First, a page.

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Germany bans Facebook from collecting WhatsApp user data

whatsapp and facebook logo

A German regulator on May 11 issued a three-month ban on Facebook’s collection of user data from WhatsApp accounts.

Along with that, at the same time, the case was referred to the European Union’s (EU) supervisory agency, citing concerns about affecting the upcoming parliamentary elections in Germany.

According to the Vietnam News Agency correspondent in Germany, the Hamburg State Data Protection Commissioner’s Office – where Facebook has a branch in Germany, has sent a ban to the social network that owns the popular messaging service WhatsApp. Since the beginning of this year, when running the WhatsApp software, a window will automatically pop up.

The first page says that WhatsApp is updating its terms of use and data protection regulations, which states first: WhatsApp cannot read or listen to chats because they are encrypted, and second: WhatsApp is making it easier to talk to businesses.

Next, the second page says that WhatsApp is updating its terms of use and data protection policy, which states that WhatsApp does not change the privacy of private chats, but adds information on how to do so. can chat with the business as desired and how the business can manage the chat sections of the users.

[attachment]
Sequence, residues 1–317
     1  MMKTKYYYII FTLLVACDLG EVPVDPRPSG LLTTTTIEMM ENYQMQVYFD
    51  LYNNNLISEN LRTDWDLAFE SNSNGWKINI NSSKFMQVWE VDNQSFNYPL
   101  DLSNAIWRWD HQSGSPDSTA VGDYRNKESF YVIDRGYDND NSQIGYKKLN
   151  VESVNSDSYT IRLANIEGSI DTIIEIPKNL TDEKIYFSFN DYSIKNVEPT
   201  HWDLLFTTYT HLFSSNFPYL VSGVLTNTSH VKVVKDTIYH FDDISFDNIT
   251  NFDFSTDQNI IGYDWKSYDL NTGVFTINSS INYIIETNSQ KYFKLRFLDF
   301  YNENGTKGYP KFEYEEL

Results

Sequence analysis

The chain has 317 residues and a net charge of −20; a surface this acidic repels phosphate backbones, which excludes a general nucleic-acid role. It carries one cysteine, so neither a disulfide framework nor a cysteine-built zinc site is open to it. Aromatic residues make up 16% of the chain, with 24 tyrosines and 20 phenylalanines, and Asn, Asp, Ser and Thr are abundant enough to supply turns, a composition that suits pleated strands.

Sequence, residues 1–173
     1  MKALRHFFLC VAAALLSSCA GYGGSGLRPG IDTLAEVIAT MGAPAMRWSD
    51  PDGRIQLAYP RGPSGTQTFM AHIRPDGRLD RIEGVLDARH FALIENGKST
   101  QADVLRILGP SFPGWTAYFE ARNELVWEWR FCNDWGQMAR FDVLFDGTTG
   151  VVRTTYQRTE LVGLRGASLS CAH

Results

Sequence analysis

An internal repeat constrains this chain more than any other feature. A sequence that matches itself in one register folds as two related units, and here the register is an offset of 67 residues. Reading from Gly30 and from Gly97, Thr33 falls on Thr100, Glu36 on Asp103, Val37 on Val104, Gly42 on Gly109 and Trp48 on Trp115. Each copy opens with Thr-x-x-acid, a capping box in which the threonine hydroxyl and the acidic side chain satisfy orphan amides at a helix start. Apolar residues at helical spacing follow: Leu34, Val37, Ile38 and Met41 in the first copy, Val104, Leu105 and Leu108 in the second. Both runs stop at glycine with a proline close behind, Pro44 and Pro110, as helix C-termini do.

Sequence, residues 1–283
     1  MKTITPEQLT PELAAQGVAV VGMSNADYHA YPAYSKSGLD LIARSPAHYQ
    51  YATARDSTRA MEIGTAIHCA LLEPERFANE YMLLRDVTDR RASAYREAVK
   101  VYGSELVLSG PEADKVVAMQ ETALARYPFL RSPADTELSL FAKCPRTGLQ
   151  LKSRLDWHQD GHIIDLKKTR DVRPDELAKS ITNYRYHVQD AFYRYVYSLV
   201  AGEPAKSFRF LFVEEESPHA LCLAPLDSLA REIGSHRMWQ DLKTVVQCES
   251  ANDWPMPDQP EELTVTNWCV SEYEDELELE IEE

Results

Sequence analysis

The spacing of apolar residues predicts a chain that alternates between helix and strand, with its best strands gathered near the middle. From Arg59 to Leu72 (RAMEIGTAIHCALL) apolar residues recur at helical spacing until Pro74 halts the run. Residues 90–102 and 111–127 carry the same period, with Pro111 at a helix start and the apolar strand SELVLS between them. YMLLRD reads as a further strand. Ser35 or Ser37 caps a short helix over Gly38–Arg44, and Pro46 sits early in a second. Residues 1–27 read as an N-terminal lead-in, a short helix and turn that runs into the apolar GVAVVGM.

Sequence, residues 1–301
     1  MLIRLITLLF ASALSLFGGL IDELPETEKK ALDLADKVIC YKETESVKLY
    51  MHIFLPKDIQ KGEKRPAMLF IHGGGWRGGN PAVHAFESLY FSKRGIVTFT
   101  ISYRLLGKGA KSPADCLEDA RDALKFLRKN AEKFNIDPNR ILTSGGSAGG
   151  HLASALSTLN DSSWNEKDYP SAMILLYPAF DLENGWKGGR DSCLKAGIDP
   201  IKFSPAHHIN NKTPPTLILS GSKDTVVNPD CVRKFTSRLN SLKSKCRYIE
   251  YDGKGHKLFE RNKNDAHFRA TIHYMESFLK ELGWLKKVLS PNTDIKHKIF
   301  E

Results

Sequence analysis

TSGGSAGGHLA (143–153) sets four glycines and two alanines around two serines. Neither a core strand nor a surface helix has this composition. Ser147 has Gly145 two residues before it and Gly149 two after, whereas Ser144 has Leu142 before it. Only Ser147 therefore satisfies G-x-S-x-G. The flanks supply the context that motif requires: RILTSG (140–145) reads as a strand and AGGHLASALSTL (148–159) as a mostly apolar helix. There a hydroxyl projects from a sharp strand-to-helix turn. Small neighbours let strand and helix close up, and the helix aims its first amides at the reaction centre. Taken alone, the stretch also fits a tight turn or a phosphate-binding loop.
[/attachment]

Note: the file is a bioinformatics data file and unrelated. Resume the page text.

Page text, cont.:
The special thing is that at the bottom of page 2 there is only “agree” button and the user cannot do otherwise. If you do not agree to the new update, starting May 15, the use of WhatsApp may experience problems, such as not being able to receive or send messages, even if the account is not deleted or disabled.

In short, WhatsApp requires users to agree to their new policy to be able to continue using the service after May 15, in which the update will allow more information to be shared from WhatsApp with Facebook. and other apps like Instagram and Messenger (such as contacts and profile data), except for encrypted chat content.

According to a notice from the Hamburg State Data Protection Commissioner’s Office, the terms of the above agreement will be invalidated in Germany for three months, and the office will refer the case to the European Data Protection Authority. The EU’s independent body enforces the rules throughout the bloc.

According to Hamburg State Data Protection Commissioner Johannes Caspar, Facebook’s past data protection breaches as well as the September general election in Germany show the danger of “mass building of user profiles”. may be taken advantage of.

He stressed that the ruling was made to protect the rights and freedoms of millions of users across Germany.

The official is concerned not only with privacy, but that records could be used to “influence voter choices and manipulate democratic decisions”.

Currently in Germany there are about 60 million users of WhatsApp, the most popular chat application in the country today.

However, in response to the above ban, a spokesman for WhatsAppasserted that the ban was made without a valid basis and was based on a “fundamental misunderstanding” about the purpose and effect of the update. Therefore, the ban will not affect the continued rollout of the update.

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